The basic idea of the ALS algorithm for matrix factorization applies to minimizing CimplicitCimplicit: if we hold the user (resp. item) vectors fixed, then CimplicitCimplicit depends quadratically on the item (resp. user) vectors. That means we can do the same thing: hold the user vectors fixed and solve for the minimum in the item variables, then hold the item vectors fixed and solve for the minimum in the user variables, and repeat…

Of course, our cost function CimplicitCimplicit is slightly different, so the actual steps involving solving for the minimum look a bit different. The algorithm is as follows.

- Initialize user vectors.
- For each item
`i`

, let pipi be the vector whose components are puipui (for fixed`i`

, there will be`n_users`

components), let CiCi be the diagonal matrix with cuicui for fixed uu along the diagonal, and let di=Cipidi=Cipi (the reason for defining didi separately will be explained in the remarks about the`numpy`

implementation below). Computeyi=(XTCiX+λI)−1XTdi.yi=(XTCiX+λI)−1XTdi. - For each user
`u`

, let pupu be the vector whose components are puipui (for fixed`u`

; there will be`n_items`

components), let cucu be the vector whose components are cuicui, let CuCu be the diagonal matrix with cucu along the diagonal, and let du=Cupudu=Cupu. Computexu=(YTCuY+λI)−1YTdu.xu=(YTCuY+λI)−1YTdu. - Repeat 2), 3) until convergence.

*Remarks*

- As for standard (explicit) matrix factorization models, it is (almost) always better to solve (XTCiX+λI)yi=XTdi(XTCiX+λI)yi=XTdi than to invert the matrix (XTCiX+λI)(XTCiX+λI).
- Since cui=1+αruicui=1+αrui, which we can write in terms of matrices C:=(cui)C:=(cui) and R:=(rui)R:=(rui) as C=1+αRC=1+αR, the computation in step two can be rewritten asyi=(XTX+λI+αXTRiX)−1XTdi.yi=(XTX+λI+αXTRiX)−1XTdi.The term XTX+λIXTX+λI is independent of
`i`

, and can be computed once and reused at each step of the algorithm (similarly for YTY+λIYTY+λI in step 3).

`numpy`

Implementation of ALS for Implicit FeedbackIt turns out that the matrix multiplication XTCiXXTCiX and the matrix-vector product XTdiXTdi are both easier to implement in `numpy`

than to express in standard linear algebra notation. A direct implementation of the algorithm is of course possible, but a small bit of thought improves performance vastly.

`numpy`

Implementation NotesA direct implementation of the matrix product XTCiXXTCiX would be something like

Ci = np.diag(c[i]) XTCiX = np.dot(X, np.dot(Ci, np.dot(X.T)).

But the matrix product `np.dot(X, Ci)`

is just multiplying the rows of XX, in order, by the diagonal elements of CiCi, which is achieved very efficiently by simple `numpy`

broadcasting. So we can achieve the same matrix product via

XTCiX = np.dot(c[i] * X.T, X).

Moreover, since di=pi+αridi=pi+αri (which follows from puirui=ruipuirui=rui), we can rewrite the algorithm in terms of just the scaled raw counts αRαR and the preference pp asyi=(XTX+λI+αXTRiX)−1XT(pi+αri).yi=(XTX+λI+αXTRiX)−1XT(pi+αri).

Hence, we can completely avoid constructing the diagonal matrices CiCi and CuCu.

Finally, when `n_users`

and `n_items`

are large, RR (and hence pp) will generally be sparse matrices. The matrix (XTX+λI+αXTRiX)(XTX+λI+αXTRiX) is, however, N×NN×N and since the number of factors is generally small (on the order of 10), there is no great savings by using a sparse implementation of this matrix. On the other hand, only the user vectors corresponding to nonzero entries of riri (and pipi) are needed in the computation of XTRiXXTRiX and of XT(pi+αri)XT(pi+αri), so if the algorithm is parallelized, it is *very* useful to only ship those vectors to the workers doing the computation for yiyi (this is, for example, how the Spark implementation works). Our implementation is not parallelized (for the sake of clarity), so we don’t need to worry about shipping data to workers.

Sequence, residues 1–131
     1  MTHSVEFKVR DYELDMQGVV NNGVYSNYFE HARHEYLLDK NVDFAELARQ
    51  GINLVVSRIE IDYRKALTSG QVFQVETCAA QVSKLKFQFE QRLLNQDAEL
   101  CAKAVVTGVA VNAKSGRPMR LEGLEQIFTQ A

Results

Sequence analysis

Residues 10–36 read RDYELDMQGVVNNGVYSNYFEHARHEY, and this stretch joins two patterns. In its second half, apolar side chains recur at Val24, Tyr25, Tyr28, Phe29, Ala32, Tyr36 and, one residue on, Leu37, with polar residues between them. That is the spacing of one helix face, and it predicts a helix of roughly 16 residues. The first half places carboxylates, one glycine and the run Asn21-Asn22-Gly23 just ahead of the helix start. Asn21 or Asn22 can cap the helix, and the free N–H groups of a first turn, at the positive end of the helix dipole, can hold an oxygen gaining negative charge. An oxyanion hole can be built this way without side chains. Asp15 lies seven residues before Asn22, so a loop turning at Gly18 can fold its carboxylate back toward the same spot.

As with the standard matrix factorization model, matrix factorization models for implicit feedback tend to work better if user and item biases are accounted for; we introduce parameters βuβu and γiγi as before, and try to fit a modelpui∼βu+γi+p^ui,pui∼βu+γi+p^ui,where p^ui=xTuyip^ui=xuTyi as above, by minimizing the cost functionCbiasedimplicit:=∑u,i∈observed interactionscui(pui−βu−γi−xTuyi)2+λ(∑u(∥xu∥2+β2u)+∑i(∥yi∥2+γ2i)).Cimplicitbiased:=∑u,i∈observed interactionscui(pui−βu−γi−xuTyi)2+λ(∑u(‖xu‖2+βu2)+∑i(‖yi‖2+γi2)).

The interpretation of the biases in this case is slightly different:

- User Bias βuβu: A higher bias βuβu pushes the values of all preferences puipui up
*for all items*; that is, a user with a high bias likes a large variety of items; conversely, a low user bias means the user only likes a small selection of items. - Item Bias γiγi: A higher item bias γiγi pushes the preferences puipui up
*for all users*; that is, the item is more universally beloved (or mainstream); conversely, a low item bias might indicate a niche item.

Again, the principle of the ALS algorithm applies with appropriate modifications for the new cost function CbiasedimplicitCimplicitbiased. The algorithm is:

- Initialize user vectors and biases.
- Define vectorspβi:=pi−β,piβ:=pi−β,x~Tu=(1,xTu),x~uT=(1,xuT),andy~Ti=(γi,yTi).y~iT=(γi,yiT).Then computey~i=(X˜TCiX˜+λI)−1X˜Tdβi,y~i=(X~TCiX~+λI)−1X~Tdiβ,where we have defined dβi=Cipβidiβ=Cipiβ as in the previous implicit ALS algorithm.
- Define vectorspγu:=pu−γ,puγ:=pu−γ,y~Ti=(1,yTi),y~iT=(1,yiT),andx~Tu=(βu,xTu).x~uT=(βu,xuT).Then computex˜u=(Y˜TCuY˜+λI)−1Y˜Tdγu,x~u=(Y~TCuY~+λI)−1Y~Tduγ,where dγu=Cupγuduγ=Cupuγ.
- Repeat 2) and 3)

The same remarks apply as for biased ALS and implicit ALS.